I think creating that home away from home for students…anytime a student or alumni tell me I made a difference in their lives, that makes me incredibly proud.
The Bridgewater State University Pride Center is losing its founding director, Lee Forest, but administration officials vow to continue its tradition of supporting the LGBTQ+ community.
“Bridgewater State University owes Lee Forest a debt of gratitude for their extraordinary leadership of the GLBTQ Pride Center for its first 14-and-a-half years,” said Sabrina Gentlewarrior, vice president of success and diversity.
Forest brought about important institutional changes that included housing assignments based on gender identity and using “lived” names which allow those to use a name that aligns with their gender identity.
“As our understanding evolves, we are able to identify more language that’s more reflective of our realities. It took some time to make that happen, but now it’s everywhere across campus, it’s fantastic,” Forest said.
These changes, and other important efforts, have helped to create a more supportive and inclusive environment for the Bridgewater State LGBTQ+ community.
From the start, as director of the Pride Center, Forest set specific goals.
“I wanted to educate the world but am happy to start with BSU…I want to educate as many people as possible about the truth of LGBTQ+ lives. There’s a lot of misinformation out there, as is true with all minoritized populations,” Forest said.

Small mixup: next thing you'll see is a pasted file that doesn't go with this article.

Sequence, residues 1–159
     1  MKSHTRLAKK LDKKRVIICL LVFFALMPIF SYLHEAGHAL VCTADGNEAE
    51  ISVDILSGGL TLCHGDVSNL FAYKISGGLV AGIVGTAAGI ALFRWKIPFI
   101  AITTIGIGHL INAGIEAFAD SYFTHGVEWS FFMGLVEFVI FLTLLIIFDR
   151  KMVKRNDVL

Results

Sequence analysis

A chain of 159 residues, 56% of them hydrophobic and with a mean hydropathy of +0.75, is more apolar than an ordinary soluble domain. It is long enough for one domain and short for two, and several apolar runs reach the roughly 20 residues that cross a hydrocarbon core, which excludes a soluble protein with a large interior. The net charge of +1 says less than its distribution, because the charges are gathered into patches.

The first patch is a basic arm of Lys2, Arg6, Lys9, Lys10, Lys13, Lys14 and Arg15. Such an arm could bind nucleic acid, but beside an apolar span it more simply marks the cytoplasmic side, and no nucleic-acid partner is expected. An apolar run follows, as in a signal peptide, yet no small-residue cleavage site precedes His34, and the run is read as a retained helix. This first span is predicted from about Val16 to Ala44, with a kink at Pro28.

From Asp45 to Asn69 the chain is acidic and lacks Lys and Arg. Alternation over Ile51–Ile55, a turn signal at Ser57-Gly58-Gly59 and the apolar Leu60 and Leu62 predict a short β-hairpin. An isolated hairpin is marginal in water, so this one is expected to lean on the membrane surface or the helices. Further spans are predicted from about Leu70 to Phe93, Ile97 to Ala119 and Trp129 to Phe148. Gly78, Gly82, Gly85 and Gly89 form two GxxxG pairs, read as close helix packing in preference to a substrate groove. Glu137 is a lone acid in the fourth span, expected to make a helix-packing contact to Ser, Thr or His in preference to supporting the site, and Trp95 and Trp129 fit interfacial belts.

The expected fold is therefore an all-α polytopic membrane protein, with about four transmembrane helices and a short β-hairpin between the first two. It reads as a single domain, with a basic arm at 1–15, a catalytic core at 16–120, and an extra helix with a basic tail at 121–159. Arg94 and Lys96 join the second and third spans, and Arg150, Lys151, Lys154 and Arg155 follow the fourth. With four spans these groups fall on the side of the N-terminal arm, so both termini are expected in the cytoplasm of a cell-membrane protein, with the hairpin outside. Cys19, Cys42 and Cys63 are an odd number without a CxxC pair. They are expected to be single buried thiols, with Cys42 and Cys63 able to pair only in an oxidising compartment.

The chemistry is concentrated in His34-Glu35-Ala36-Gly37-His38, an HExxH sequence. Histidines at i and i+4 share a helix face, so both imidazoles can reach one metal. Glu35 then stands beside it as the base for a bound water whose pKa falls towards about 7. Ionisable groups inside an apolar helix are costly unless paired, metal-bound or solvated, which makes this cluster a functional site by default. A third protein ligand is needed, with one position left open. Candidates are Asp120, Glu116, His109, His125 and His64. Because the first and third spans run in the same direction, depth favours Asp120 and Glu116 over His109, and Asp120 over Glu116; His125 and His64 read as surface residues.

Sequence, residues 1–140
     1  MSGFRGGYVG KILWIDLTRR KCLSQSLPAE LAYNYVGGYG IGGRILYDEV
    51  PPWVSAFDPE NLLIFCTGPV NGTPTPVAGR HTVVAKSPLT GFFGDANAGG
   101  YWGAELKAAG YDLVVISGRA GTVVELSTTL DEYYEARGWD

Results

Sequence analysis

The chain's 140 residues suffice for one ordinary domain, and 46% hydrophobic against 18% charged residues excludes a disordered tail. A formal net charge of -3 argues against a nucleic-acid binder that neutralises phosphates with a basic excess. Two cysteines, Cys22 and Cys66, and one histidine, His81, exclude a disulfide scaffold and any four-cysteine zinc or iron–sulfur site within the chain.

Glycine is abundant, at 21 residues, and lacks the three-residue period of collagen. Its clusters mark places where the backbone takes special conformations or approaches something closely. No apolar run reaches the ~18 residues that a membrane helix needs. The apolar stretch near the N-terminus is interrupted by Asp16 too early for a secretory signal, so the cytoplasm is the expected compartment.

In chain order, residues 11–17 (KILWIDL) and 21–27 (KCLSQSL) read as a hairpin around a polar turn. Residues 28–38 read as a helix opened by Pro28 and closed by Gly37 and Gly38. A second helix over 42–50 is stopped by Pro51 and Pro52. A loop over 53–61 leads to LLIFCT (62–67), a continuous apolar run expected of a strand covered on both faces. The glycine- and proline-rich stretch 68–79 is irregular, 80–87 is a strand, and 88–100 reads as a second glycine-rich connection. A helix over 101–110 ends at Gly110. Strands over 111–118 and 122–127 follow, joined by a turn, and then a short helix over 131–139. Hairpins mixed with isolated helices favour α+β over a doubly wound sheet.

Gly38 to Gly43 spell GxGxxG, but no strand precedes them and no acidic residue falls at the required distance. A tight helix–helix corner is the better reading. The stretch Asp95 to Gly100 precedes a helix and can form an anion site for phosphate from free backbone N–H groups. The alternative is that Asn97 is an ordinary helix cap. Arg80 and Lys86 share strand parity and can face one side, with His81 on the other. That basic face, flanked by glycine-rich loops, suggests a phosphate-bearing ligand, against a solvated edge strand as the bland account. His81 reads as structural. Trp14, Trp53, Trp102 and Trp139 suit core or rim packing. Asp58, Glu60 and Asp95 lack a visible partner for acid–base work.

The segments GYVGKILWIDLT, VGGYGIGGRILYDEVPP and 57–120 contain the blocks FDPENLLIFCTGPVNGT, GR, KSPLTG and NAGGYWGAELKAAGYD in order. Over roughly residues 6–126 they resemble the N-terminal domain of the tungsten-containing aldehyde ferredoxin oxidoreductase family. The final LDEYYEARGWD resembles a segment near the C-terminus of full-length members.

Within the Pride Center Forest also wanted to create a welcoming environment: “I think creating that home away from home for students…anytime a student or alumni tell me I made a difference in their lives, that makes me incredibly proud.”
For Cristina Dudziak, ’22, a psychology major who works at the Pride Center, she has a hard time describing the impact the center and Forest have had.
“I didn’t think the Pride Center would be such an enormous part of my life and BSU experience. Through many conversations with Lee, they really helped me understand myself so much better. I got to know myself,” Cristina said.
Fine Arts major Elliot Philie, ’23, who also works at the Pride Center, said the center has done exactly what Forest intended, provided him/them with a home away from home.
“It made me aware that there are many people like me, or at least allies,” Elliot said. “With so many different identities and races (at BSU), Lee has made sure everyone feels comfortable in the Pride Center.”
The foundation Forest built will live on. A nationwide search for a new Pride Center director is underway and the successful candidate will be expected to pick up where Forest left off.
“We look forward to welcoming a new colleague to continue the GLBTA Pride Center’s important work,” Gentlewarrior said.
As for Forest, they will continue to help educate the campus community and are looking to offer a Name in Use training this fall.
The online, self-paced course will focus on ways people can be respectful and use correct and current terminology when interacting with members of the transgender community.
“I am thrilled that BSU will continue to benefit from Lee’s skill, compassion and equity-mindedness as they continue their work on behalf of BSU students through their role in the Teaching and Technology Center,” Gentlewarrior said.
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